Classical CD Reviews

New classical music releases reviewed in detail by Gavin Dixon

Thursday, 11 April 2019

Pfitzner Lieder Colin Blazer

PFITZNER Lieder, op. 2, op. 6, op. 7, op. 11, op. 21, op. 24, op. 26, WoO 9, WoO 6, WoO 5, WoO 12 Colin Blazer (ten); Klaus Simon (pn) NAXOS 8.572603

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We don’t usually think of Pfitzner as a Lieder composer, but he was prolific in the form, writing 115 songs, spanning his career. This disc is Volume 2 in a new complete cycle from Naxos, which should eventually run to five volumes in total. Colin Blazer sings the Lieder for tenor voice, covering the period 1888–1916, so early-to-mid career, and Naxos are wise to present most of the program in chronological order, as we hear a clear evolution from a generic Brahmsian approach early on to a more distinctive sound around the time of Palestrina, an opera that several of these songs anticipate.

Pfitzner’s texts are mostly from German poets of the late Romantic era who have otherwise fallen into obscurity—August Schnezler, Robert Reinick, James Grun—although Eichendorff, Heine, and Goethe also make appearances. And, in contrast to the colorful tone painting and evocative scene setting of his operas, the approach here is more text-focused, especially in the early songs, generously melodic but always placing the texts above the musical invention. But more sophisticated harmonic progressions and accompanying effects begin to creep in in the first years of the 20th century, with the Eichendorff setting “Die Nachtigallen” (1907) a particularly distinctive and piquant number.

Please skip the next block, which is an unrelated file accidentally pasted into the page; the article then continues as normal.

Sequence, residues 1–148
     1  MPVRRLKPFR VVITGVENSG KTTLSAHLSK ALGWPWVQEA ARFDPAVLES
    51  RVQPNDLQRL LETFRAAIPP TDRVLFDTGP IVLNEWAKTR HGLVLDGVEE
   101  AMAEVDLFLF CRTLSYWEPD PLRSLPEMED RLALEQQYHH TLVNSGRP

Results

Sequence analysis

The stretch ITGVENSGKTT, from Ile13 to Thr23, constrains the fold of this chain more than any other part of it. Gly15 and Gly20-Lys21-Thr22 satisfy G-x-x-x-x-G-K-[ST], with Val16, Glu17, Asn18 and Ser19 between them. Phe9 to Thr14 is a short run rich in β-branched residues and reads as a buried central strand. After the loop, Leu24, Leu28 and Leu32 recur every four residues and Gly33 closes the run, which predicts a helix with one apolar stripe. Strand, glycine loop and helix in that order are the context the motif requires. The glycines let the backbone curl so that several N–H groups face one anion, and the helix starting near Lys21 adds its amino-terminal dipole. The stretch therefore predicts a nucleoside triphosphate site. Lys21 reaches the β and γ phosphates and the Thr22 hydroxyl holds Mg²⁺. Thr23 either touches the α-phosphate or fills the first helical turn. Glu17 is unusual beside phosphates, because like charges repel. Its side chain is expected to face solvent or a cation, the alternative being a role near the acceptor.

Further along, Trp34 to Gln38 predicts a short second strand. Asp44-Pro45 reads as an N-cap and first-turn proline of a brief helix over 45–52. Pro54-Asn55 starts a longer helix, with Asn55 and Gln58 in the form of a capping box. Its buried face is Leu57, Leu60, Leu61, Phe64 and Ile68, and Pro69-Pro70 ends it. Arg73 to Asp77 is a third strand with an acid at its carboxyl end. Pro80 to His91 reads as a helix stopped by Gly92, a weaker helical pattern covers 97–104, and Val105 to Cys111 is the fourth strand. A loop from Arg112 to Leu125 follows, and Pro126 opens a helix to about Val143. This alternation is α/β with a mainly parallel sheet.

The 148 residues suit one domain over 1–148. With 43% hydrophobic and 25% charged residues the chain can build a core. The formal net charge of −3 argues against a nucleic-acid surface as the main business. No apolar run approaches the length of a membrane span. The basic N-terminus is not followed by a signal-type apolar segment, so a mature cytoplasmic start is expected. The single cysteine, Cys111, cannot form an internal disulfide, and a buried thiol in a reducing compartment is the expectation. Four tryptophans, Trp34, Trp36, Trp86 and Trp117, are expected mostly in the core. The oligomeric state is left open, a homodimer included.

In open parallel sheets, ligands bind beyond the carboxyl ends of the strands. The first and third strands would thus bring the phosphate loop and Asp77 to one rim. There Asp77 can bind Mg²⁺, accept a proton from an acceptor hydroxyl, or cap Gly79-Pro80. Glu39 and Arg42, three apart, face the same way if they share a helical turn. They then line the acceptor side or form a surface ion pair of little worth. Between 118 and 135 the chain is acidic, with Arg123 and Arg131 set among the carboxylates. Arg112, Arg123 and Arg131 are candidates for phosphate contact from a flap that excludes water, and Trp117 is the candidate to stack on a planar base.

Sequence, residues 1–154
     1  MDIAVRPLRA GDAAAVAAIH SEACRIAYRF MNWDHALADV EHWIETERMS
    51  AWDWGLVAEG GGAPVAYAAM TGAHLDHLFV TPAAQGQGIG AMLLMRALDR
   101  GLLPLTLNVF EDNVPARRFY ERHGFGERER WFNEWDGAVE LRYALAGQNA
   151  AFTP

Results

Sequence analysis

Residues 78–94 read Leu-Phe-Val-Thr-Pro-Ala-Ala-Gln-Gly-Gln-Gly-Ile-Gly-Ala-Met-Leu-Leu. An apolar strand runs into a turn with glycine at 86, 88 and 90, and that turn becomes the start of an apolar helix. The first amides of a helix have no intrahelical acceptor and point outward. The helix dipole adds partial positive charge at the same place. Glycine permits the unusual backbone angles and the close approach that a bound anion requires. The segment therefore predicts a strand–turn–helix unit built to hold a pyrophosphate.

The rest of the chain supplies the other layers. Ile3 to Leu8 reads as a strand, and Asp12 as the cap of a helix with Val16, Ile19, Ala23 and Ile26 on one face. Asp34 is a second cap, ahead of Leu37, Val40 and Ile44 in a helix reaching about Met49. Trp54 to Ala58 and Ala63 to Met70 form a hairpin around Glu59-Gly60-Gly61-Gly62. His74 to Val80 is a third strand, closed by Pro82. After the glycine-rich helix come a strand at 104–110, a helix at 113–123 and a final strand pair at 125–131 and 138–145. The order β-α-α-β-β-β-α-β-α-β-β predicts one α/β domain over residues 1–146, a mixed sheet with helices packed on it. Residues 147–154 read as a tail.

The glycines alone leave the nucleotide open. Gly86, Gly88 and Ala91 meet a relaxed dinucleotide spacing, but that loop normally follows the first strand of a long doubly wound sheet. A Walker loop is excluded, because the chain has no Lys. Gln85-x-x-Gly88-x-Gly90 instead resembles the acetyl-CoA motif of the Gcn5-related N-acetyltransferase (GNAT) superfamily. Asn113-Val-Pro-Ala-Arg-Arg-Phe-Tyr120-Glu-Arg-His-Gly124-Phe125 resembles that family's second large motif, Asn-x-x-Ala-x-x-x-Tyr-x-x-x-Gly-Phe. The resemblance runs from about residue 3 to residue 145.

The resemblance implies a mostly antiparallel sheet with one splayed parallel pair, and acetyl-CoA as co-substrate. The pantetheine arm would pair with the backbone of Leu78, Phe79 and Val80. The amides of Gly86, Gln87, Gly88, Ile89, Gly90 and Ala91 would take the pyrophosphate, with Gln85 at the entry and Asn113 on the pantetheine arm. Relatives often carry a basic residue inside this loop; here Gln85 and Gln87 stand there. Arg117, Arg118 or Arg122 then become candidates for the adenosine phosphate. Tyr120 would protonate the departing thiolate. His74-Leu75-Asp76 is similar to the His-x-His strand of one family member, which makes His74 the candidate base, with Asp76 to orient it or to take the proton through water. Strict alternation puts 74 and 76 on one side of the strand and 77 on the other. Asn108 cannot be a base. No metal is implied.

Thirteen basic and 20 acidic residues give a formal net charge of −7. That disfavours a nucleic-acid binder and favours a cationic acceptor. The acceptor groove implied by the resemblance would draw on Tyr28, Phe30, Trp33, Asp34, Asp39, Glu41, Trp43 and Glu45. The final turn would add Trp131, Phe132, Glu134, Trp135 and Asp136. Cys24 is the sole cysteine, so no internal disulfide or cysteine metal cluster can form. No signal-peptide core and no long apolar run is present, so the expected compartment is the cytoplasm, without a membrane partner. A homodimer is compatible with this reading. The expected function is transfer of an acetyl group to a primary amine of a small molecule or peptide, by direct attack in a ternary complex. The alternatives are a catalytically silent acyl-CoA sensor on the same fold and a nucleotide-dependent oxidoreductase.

Tenor Colin Blazer is more associated with the Baroque repertoire than the late Romantic, but he has a fine voice that suits this music. His tone is light but impressively agile. Pfitzner occasionally makes Wagnerian demands, especially with loud and high phrase endings, and Blazer sometimes struggles, although he is able to add a carefully controlled vibrato to stabilize these passages. His German diction is good, with satisfyingly rolled “r”s, although “ch” sounds could be softer. Pianist Klaus Simon doesn’t overplay the generally conservative accompaniments, and balances between singer and accompanist are good.  The piano itself could do with more tonal focus, especially in the mid-range, and the reverberant but boxy acoustic of the Steinhalle in Emmendingen does it no favors.

This release, and indeed this entire cycle, is up against a five-volume set of the complete Pfitzner Lieder released on CPO in the late 1990s. The tenor for those recordings was Christopher Prégardien, who has a fuller and lower voice than Blazer, though he is more strident and commanding in those high-lying phrase endings. When that cycle was complete, CPO boxed them up as the five-CD set 999-789-2. That is still in print, and available at mid-price, so the chances are that Naxos will eventually come up with a comparable and similarly priced offering. CPO look to maintain the lead here, but given the differences in approach between the recordings of the tenor songs, it might well end up that both are worth having.

This review appears in Fanfare Magazine issue 42:6.

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